It is always a pleasure to return to the bucolic campus of Guilford College and to bask again in the fine acoustics of Dana Auditorium for another superb performance of the Eastern Music Festival. This program featured an eclectic, short program with the EMF Chamber Orchestra led from the first chair by violinist Nadia Salerno-Sonnenberg. She has become one of the popular weekly resident artists with both students and audiences over several seasons. For the next three seasons, Nancy Hoffmann has established the Jack Hoffmann Distinguished Guest Artist in memory of her husband. Salerno-Sonnenberg is the initial beneficiary of this gift.

The Symphony No. 3 (1994), for 19 strings, by Philip Glass (b.1937) was commissioned for the Stuttgart Chamber Orchestra and was premiered by them in early 1995 under Dennis Russell Davies’ baton. It is in four movements but the heart of the work is in the third movement, which opened the concert. It is a dark, slow-building chaconne with a ground bass which individual string players add onto as they build up a layering effect. A high singing solo violin melody is taken up before being subsumed beneath a contrapuntal filigrees and trills from a rhythmic texture before ending abruptly.

It began quietly with a repeated figure taken up by four cellos quickly underlined by pizzicatos from two double basses. Four violists took up the phrase shortly and were joined by the second violins as a group. Roughly at this point, the double basses were divided with one bowing the figure set against its plucked companion. Salerno-Sonnenberg entered with a hushed high melody which she varied dynamically over the rest of the piece. Her stand-mate took up the phrase next, followed by each of the second stand players in turnl both third stands joined near the end. The complex layering textures and juxtaposed rhythms came off beautifully. Intonation and phrasing were excellent.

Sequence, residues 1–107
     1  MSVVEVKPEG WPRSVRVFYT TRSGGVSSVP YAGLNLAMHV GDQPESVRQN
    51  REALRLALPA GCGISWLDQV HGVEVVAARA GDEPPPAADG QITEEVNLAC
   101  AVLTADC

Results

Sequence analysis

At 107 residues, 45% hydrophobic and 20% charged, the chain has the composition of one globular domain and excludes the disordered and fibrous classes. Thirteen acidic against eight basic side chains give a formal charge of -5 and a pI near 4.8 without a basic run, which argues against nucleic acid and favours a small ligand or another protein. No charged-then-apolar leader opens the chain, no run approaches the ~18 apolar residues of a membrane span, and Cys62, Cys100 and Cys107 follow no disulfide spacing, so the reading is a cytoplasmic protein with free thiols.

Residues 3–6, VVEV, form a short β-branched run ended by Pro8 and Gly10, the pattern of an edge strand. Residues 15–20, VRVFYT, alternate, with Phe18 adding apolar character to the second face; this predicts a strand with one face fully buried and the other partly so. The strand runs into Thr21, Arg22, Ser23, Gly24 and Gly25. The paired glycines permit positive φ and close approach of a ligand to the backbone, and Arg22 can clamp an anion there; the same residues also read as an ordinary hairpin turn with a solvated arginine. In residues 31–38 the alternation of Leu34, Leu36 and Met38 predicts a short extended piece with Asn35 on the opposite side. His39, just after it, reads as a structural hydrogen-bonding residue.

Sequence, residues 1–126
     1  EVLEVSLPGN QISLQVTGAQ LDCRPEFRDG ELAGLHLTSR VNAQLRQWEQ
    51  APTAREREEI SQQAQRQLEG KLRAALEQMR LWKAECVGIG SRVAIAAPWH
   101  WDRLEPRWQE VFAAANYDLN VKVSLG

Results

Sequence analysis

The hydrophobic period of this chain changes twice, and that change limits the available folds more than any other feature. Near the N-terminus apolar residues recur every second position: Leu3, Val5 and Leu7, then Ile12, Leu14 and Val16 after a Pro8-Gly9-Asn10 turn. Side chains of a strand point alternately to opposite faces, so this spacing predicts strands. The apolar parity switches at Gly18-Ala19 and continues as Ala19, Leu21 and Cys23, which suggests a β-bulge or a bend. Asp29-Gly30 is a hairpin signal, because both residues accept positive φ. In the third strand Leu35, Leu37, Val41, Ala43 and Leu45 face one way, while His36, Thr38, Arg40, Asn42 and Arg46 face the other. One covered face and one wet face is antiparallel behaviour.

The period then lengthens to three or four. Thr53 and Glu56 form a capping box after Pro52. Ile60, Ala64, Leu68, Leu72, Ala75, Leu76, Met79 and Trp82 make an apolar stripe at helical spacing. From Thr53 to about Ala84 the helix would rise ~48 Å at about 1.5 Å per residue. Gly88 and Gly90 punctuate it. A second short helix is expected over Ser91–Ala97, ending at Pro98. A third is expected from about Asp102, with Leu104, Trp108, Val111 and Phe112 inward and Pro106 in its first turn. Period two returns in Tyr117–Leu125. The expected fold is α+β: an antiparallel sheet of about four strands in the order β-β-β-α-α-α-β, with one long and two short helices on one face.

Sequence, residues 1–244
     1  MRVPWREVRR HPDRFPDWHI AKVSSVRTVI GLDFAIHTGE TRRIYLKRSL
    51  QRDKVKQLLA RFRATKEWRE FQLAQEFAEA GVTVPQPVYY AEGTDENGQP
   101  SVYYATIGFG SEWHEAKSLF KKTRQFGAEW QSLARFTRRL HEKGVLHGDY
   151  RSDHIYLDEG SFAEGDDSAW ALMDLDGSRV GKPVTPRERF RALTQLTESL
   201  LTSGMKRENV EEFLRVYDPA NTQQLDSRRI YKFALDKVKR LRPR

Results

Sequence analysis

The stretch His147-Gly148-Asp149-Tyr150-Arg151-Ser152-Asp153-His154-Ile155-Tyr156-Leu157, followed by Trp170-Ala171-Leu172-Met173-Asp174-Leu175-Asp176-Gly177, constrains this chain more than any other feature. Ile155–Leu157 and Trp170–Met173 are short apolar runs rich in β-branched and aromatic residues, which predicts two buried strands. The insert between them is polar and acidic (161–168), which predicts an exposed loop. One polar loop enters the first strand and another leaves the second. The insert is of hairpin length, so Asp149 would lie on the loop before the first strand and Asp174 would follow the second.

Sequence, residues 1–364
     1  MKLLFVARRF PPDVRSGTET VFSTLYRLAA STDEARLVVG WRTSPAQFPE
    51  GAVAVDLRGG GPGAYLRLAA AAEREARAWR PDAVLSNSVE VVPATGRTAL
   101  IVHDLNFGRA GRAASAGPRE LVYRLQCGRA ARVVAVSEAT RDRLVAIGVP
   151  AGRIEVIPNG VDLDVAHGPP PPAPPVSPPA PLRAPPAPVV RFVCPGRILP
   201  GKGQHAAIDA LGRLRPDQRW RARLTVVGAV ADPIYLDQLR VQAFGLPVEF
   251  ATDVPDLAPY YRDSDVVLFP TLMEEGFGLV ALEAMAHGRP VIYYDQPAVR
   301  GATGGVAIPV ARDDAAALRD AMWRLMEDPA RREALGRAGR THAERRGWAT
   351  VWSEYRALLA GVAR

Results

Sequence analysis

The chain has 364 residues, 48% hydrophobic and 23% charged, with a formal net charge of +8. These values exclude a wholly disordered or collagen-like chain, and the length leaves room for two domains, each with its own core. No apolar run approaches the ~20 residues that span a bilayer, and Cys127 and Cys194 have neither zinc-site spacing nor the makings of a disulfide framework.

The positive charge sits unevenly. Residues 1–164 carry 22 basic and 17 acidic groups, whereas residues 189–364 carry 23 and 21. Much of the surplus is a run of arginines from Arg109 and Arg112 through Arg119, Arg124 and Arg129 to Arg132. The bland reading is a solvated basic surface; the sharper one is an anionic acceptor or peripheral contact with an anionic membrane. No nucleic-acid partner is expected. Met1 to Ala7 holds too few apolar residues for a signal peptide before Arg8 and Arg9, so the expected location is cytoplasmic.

The most memorable part of the String Quartet No, 1 in D, Op. 11, by Peter Ilyich Tchaikovsky (1840-93), is the second movement, Andante cantabile. It has been arranged for numerous solo instruments including this concert’s selection, for “solo cello and strings” featuring Julian Schwarz. The famous opening melody, the folk song “Sidel Vanya,” was sung by a peasant painting the composer’s sister’s fence. The second cello melody, accompanied by pizzicatos, is an original theme. Schwarz gave a gorgeous, memorable performance. His full, rich tone was golden, and he applied just the right amount of expressive vibrato. Intonation and bowing, too, were immaculate. Hushed melodic and pizzicato support by his colleagues was delightful.

The early String Symphony No. 10, in B minor (1823), one of a set of twelve by Felix Mendelssohn (1809-49), was given in full. It is in two movements, Adagio and Allegro, played without a break. Salerno-Sonnenberg and her players brought out Mendelssohn’s almost Mozartian clarity as well as the work’s dramatic episodes along with some of the composer’s “elfin or fairy” scoring.

The “meat” of the program came after a rather long intermission. The String Quartet No. 8 in C minor, Op. 110, by Dmitri Shostakovich (1906-75), is one the more often programmed of the composer’s fifteen. Conductor/violist Rudolf Barshai made a popular transcription for string orchestra. It is in five movements played without break: Largo, Allegro molto, Allegretto, Largo, and Largo. The composer left his musical signature, “a four-note theme built on the notes D, E-flat, C, and B-natural that are represented in German by DSCH,” which serves to unify the work. Among the composer’s works briefly quoted are the First and Fifth Symphonies, the First Cello Concerto, and the twisted (distorted) Yiddish theme from the Second Piano Trio. Salerno-Sonnenberg and her colleagues played with controlled abandon. There were superb violin solos from her and vivid solos from the lead cellist and violist. Weird harmonics and stratospheric high notes, played close to the bridge, came off precisely. The relentless, pounding rhythms swept up the listener. Dynamics ranged from hushed to shattering fffs. Intonation and phrasing were consistently excellent.

Salerno-Sonnenberg said she didn’t want the audience to go home depressed. Shostakovich is rarely jolly. She and the players pulled out all the stops for a polka by Alfred Schnittke (1934-98), who seems to have been in a rare humorous mood. What a swagger she brought to the performance and what extremes of string sounds!

More Eastern Music Festival concerts can be found on our calendar.